New Teacher Initiative Annotated Bibliography

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Summary: The National Writing Project’s New-Teacher Initiative supported local writing project sites in expanding their work with early career teachers, placing a particular emphasis on the teaching and learning of writing in high-needs schools. A useful resource for leaders of professional development experiences for early career teachers, this annotated bibliography is a partial listing of the readings that have been most significant in the work of the New-Teacher Initiative. They address four areas: 1) the teaching of writing, 2) understanding culture and its implications for teaching and learning, 3) strengthening inquiry as a mode of learning, and 4) rethinking professional development for new teachers through participation in a professional community.

A Cognitive Strategies Approach to Reading and Writing Instruction for English Language Learners in Secondary School

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Author: Carol Booth Olson and Robert Land

Summary: This article documents a longitudinal research study conducted by members of the UC Irvine Writing Project in partnership with a large, urban school district in which 93 percent of the students are English language learners. Over an eight-year period, 55 secondary teachers implemented a cognitive strategies approach to reading and writing instruction designed to make visible the thinking strategies that experienced readers and writers access in the process of constructing meaning. An important resource, this would be useful as a text for study in a professional development program or for individual teacher research. The project “was not just an abstract research study; it was a concrete attempt to level the playing field for specific EL students in a large urban school district through sustained, ongoing collaboration with a dedicated and committed group of teachers…” The consistency of positive outcomes on multiple measures strongly points to the efficacy of using this approach with EL students.

Content Area Literacy and Learning: Selected Sources for the 21st Century, An Annotated Bibliography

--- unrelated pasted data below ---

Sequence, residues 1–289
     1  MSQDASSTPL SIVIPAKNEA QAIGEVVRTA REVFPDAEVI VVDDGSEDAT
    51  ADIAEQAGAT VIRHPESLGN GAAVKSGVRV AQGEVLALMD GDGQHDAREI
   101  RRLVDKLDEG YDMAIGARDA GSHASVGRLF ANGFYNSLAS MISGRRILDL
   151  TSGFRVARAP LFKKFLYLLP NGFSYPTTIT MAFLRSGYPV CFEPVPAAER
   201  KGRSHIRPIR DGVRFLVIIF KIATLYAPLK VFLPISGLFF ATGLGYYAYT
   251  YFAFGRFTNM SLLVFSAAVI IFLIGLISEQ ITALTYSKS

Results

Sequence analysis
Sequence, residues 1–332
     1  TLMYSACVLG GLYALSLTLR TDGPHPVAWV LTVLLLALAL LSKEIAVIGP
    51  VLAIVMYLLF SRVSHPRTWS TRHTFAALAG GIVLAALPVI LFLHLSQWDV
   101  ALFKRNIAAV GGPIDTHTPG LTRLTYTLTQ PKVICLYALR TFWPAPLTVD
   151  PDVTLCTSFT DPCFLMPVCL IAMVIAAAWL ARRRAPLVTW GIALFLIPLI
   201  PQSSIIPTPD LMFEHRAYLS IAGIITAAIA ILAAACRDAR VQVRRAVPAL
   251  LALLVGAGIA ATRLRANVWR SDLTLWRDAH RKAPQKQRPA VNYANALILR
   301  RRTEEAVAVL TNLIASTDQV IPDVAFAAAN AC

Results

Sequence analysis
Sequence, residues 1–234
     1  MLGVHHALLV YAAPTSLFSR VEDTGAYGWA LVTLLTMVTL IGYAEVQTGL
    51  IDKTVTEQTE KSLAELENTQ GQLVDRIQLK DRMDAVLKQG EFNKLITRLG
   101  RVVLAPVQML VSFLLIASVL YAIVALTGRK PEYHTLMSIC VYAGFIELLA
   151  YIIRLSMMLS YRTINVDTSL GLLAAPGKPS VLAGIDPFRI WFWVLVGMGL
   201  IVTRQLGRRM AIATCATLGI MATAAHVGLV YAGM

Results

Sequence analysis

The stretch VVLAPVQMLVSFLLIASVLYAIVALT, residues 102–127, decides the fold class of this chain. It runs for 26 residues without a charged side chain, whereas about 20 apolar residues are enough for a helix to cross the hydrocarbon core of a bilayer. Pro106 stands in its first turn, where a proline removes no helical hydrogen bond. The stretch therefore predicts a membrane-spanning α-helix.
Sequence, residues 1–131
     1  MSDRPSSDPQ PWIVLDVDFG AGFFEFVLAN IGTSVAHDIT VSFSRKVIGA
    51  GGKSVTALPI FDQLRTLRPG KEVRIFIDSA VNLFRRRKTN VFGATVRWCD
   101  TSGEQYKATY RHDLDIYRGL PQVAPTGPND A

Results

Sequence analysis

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Author: Judith Rodby

Summary: Those looking for materials related to content area and cross-disciplinary reading may find this annotated bibliography useful. It is organized around three general categories of research and practice: 1) generalized reading strategies; 2) adapting/applying generalized reading strategies to specific content areas (math, science, history); and 3) content area-specific approaches that focus on genres, discourses, and identities implicit in the ways of knowing in subject areas and disciplines.

Disciplinary Literacy and Reading Across the Content Areas

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Author: Art Peterson

Summary: A valuable resource for professional development planners and facilitators and content area classroom teachers, this article poses the questions: What does it mean to be a successful reader and writer in English class, in science, in history, in mathematics? With those in mind, Elizabeth Birr Moje argues that focusing on disciplinary literacy will help us understand the thinking and learning demands students face as they move through different content area classes that make up a typical high school day. Noting that since each discipline has its own literacy, the author argues for stripping away the one-size-fits-all literacy “strategies” and engaging students in the way historians and scientists and others actually read and write in their disciplines.

Multiple Texts: Multiple Opportunities for Teaching and Learning

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Author: Laura Robb